In 2016, the federal Department of Housing and Urban Development (HUD), finalized a rule that defines what chronic homelessness means. The following information is copied directly from HUD documents:
A ‘‘chronically homeless’’ individual is defined to mean a homeless individual with a disability who lives either in a place not meant for human habitation, a safe haven, or in an emergency shelter, or in an institutional care facility if the individual has been living in the facility for fewer than 90 days and had been living in a place not meant for human habitation, a safe haven, or in an emergency shelter immediately before entering the institutional care facility. In order to meet the ‘‘chronically homeless’’ definition, the individual also must have been living as described above continuously for at least 12 months, or on at least four separate occasions in the last 3 years, where the combined occasions total a length of time of at least 12 months. Each period separating the occasions must include at least 7 nights of living in a situation other than a place not meant for human habitation, in an emergency shelter, or in a safe haven. Chronically homeless families are families with adult heads of household who meet the definition of a chronically homeless individual. If there is no adult in the family, the family would still be considered chronically homeless if a minor head of household meets all the criteria of a chronically homeless individual. A chronically homeless family includes those whose composition has fluctuated while the head of household has been homeless.
The National Alliance to End Homelessness (NAEH) provides very detailed information of the changes on its Website.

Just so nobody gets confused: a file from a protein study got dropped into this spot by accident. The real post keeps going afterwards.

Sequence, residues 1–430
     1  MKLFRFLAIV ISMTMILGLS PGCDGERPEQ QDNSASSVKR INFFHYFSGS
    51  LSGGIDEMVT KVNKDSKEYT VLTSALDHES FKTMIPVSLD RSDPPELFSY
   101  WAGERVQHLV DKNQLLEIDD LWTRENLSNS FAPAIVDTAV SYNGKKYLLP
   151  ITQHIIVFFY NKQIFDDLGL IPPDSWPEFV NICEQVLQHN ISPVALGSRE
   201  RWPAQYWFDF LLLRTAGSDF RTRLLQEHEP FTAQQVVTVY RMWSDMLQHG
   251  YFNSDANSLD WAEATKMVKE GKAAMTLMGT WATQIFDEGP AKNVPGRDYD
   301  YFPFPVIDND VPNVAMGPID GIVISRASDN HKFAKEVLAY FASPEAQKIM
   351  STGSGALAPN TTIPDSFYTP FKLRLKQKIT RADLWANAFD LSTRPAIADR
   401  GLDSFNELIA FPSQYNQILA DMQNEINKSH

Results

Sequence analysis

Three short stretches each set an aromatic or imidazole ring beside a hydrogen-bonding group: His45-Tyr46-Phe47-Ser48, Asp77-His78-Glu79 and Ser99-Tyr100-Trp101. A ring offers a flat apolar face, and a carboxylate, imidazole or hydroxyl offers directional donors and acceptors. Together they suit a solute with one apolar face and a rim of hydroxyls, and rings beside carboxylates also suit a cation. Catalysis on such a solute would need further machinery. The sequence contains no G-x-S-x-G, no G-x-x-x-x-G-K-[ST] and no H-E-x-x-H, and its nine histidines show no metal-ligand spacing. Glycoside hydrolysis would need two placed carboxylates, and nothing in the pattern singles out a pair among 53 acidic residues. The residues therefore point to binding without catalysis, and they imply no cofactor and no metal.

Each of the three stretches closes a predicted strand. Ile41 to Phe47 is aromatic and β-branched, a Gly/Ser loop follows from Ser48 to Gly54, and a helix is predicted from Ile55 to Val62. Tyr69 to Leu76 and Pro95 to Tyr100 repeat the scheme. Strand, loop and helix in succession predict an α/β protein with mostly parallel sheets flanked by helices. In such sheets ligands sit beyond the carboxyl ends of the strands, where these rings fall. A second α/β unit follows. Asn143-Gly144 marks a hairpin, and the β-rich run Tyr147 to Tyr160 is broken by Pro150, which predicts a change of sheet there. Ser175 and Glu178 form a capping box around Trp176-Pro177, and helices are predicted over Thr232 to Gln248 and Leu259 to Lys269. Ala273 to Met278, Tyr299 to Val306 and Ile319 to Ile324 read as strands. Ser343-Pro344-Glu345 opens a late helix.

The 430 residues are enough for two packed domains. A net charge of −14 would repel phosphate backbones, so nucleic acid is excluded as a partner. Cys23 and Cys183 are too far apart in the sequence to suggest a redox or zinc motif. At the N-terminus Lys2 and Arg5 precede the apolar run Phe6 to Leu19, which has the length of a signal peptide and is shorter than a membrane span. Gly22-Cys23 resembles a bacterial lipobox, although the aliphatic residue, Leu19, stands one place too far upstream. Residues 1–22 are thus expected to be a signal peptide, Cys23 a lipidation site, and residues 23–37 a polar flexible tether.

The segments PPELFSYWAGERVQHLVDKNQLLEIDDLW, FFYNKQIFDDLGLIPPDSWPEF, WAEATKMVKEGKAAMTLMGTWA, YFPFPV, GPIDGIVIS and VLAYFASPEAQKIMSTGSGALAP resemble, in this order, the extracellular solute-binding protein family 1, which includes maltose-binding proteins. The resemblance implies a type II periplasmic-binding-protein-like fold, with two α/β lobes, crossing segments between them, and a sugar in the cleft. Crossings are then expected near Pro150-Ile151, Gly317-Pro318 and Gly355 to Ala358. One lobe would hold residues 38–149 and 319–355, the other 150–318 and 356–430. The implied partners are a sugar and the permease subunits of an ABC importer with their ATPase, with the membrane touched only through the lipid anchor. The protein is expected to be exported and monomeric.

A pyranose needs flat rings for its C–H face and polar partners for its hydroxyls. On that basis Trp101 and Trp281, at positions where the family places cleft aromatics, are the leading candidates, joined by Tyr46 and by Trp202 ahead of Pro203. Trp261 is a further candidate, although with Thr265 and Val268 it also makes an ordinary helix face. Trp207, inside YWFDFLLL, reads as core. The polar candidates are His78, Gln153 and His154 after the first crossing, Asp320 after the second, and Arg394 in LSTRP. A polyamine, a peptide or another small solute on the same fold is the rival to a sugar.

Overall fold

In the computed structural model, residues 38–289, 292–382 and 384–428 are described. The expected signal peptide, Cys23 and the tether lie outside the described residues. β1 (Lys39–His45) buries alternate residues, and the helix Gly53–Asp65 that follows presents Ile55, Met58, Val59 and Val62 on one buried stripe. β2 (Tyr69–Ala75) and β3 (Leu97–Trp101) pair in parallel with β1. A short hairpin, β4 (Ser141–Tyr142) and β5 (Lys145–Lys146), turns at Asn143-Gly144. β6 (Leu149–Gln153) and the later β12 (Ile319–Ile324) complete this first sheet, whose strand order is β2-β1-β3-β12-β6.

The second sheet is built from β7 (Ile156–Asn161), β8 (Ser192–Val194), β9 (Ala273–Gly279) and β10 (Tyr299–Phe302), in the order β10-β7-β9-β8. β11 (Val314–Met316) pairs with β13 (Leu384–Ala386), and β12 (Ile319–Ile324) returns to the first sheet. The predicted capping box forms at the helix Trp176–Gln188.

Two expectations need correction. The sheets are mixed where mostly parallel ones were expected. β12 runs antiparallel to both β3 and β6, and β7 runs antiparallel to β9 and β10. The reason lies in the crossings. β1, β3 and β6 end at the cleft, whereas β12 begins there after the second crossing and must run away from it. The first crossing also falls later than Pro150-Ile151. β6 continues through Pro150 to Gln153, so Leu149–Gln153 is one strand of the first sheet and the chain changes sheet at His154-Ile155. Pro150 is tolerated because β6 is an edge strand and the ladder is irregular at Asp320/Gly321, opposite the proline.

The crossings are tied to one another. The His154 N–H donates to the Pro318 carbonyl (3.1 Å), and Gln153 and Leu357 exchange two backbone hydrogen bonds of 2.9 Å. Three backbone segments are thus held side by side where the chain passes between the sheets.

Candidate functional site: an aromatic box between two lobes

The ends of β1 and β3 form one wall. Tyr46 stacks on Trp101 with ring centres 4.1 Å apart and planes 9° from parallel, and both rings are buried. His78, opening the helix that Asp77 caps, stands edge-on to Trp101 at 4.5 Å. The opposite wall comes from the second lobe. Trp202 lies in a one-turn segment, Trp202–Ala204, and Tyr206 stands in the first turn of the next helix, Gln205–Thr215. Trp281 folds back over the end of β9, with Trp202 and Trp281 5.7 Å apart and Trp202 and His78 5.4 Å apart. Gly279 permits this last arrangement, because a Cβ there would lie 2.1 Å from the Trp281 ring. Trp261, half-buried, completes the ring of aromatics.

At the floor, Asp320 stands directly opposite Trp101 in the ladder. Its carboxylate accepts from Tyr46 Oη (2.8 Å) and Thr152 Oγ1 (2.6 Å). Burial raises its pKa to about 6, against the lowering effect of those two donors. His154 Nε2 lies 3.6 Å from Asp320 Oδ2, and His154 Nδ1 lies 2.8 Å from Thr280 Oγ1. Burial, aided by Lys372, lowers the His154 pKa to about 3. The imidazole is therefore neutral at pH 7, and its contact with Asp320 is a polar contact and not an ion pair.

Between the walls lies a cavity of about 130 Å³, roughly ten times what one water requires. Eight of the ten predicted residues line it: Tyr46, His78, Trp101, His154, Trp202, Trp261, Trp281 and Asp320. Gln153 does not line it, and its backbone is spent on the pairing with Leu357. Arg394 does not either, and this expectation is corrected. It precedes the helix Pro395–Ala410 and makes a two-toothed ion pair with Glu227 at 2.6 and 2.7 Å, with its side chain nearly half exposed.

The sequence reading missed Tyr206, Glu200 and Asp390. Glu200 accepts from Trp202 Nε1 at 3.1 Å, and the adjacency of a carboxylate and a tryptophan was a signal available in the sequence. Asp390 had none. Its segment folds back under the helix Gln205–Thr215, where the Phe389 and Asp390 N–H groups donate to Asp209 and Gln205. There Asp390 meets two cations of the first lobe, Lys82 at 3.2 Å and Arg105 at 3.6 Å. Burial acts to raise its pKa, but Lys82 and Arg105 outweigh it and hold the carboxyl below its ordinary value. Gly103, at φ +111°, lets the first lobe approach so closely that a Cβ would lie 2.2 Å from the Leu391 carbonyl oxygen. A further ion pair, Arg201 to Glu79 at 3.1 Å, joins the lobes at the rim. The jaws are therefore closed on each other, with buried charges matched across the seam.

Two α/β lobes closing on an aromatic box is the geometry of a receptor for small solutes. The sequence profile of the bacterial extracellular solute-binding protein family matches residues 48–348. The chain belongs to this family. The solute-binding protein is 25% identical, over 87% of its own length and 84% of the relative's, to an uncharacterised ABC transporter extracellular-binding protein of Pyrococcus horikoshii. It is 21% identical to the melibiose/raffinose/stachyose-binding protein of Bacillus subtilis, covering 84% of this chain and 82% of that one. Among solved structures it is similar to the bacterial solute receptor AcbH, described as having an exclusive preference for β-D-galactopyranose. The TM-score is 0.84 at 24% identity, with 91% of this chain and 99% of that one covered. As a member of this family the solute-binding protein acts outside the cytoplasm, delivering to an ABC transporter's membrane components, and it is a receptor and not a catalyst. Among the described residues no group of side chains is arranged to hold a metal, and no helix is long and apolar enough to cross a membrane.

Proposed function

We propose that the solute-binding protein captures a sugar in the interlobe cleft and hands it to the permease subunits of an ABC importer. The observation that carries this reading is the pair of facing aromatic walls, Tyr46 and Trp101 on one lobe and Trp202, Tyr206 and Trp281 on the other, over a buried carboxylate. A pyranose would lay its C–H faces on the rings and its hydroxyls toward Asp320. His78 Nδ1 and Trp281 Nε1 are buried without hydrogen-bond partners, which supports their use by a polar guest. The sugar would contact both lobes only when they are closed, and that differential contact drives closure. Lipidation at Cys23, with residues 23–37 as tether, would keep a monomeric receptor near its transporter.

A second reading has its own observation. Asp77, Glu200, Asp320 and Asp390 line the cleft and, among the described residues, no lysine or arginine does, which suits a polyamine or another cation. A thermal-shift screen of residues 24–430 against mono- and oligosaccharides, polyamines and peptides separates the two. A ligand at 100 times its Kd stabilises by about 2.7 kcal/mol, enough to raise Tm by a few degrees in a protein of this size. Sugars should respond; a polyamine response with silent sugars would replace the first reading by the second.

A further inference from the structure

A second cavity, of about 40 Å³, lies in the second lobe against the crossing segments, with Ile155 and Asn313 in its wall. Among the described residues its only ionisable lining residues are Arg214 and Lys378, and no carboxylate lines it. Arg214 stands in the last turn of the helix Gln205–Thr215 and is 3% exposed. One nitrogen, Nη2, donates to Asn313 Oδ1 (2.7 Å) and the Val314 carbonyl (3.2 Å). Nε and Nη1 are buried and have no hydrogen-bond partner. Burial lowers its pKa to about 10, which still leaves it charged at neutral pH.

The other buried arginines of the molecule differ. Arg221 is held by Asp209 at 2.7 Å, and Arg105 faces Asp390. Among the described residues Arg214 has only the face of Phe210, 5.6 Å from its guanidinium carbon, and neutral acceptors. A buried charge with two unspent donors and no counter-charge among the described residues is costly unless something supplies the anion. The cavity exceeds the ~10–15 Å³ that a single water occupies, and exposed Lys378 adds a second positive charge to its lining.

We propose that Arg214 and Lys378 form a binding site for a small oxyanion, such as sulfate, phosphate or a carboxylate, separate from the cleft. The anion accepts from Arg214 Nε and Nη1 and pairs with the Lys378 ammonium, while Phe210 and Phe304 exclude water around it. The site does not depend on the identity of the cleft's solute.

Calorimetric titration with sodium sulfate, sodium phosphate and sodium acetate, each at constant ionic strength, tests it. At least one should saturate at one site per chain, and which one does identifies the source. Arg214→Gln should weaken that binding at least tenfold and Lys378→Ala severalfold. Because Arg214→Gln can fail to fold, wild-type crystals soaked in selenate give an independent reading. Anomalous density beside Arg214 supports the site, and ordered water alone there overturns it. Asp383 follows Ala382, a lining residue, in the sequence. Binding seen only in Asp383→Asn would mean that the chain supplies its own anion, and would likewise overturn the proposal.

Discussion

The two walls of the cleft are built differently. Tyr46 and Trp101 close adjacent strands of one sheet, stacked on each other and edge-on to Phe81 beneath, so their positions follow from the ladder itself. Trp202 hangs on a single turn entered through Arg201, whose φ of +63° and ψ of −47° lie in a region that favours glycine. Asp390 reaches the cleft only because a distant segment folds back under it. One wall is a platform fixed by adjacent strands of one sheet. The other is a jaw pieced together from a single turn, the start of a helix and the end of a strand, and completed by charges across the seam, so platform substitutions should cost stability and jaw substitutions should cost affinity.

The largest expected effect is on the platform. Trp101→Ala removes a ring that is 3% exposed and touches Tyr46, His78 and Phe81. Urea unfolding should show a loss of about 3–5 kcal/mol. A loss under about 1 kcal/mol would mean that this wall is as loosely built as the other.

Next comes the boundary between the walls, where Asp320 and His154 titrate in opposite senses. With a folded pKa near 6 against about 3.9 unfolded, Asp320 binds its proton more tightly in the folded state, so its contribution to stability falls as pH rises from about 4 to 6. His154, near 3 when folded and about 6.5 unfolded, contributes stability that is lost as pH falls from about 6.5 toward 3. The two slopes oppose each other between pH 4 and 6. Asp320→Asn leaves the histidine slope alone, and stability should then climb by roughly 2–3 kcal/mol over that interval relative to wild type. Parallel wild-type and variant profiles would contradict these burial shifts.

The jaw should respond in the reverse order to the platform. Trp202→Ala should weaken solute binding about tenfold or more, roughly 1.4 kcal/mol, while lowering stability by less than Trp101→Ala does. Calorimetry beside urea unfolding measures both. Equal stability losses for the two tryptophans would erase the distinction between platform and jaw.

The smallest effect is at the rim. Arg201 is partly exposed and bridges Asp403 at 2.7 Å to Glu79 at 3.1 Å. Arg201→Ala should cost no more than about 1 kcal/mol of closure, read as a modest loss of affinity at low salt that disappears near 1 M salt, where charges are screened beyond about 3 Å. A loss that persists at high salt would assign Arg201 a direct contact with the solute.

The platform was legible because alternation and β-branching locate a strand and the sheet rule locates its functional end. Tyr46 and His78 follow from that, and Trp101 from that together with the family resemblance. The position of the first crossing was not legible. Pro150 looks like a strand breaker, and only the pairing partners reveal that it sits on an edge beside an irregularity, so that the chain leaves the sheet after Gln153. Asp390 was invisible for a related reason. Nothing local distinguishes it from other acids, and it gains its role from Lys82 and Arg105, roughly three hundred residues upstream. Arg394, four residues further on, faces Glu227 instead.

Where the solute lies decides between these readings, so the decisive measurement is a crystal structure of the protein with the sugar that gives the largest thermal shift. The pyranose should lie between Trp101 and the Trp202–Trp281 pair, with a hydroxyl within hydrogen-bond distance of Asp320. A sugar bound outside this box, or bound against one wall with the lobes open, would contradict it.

Metro Social Services (MSS) is overseeing Metro government’s Community Performance Funds (CPF) in the area of Financial Security. Nonprofits are invited to participate in this competitive process with innovative program proposals to address prevention of low-income family housing loss or displacement.
Click the link for detailed CPF Solicitation Information including the following deadlines:
- Call for proposals released – February 7, 2018
- Pre-application technical assistance workshop: At Metro Social Services, 2:00 pm on Friday, February 23, 2018.
- Intent to Apply – Email a statement of your intent to apply with partners named and requested grant amount anticipated to email@example.com by Wednesday February 28, 2018.
- Submission deadline: All complete proposals must be submitted by March 23, 2018 at 4:00pm.
- Project Presentations – Week of March 29, 2018, depending on the number of proposals.
- Evaluation Committee review of proposals – April 2018
- Announcement of awards and submission of selected proposals to Mayor’s Office and Department of Finance – April 2018
- Metro Council consideration of budget including CPF funding – May/June 2018
- Award start date: CPF departmental Coordinators complete contracts with those receiving grants – July 2018
MSS released the following information:
Announcement of Community Performance Funding (CPF) for Priority Area Financial Security:
Funding is available for non-profits for preventing low-income family housing loss or displacement.
Metropolitan Social Services is coordinating the Financial Security CPF. Details of requirements and important dates are contained in the CPF Financial Security solicitation available online.
Projects funded under this category will have a specific plan, strategy, and intervention that show promise to result in a measurable change in the problem, or in factors causing the problem, during the grant period. Examples include implementing an innovative strategy, a promising practice or an evidence-based practice that has been shown to positively address housing loss prevention.
Funding Objectives: Priority will be given to proposals that focus on preventing housing loss among low-income families with household incomes at or below 80% of Area Median Income (AMI)
- Families with children
- Families unstably housed, such as those temporarily living with friends or family, those experiencing an unmanageable rent increase, and those facing eviction, none who have alternative housing resources.
- Other families in situations defined by the applicant agency if they meet the intent of the grant.
Other CPF Priority Areas and Coordinating Departments include:
Community Health – Metropolitan Public Health Department
Domestic Violence – Metropolitan Office of Family Safety
Youth Violence – Davidson County Juvenile Court
Literacy – Nashville Public Library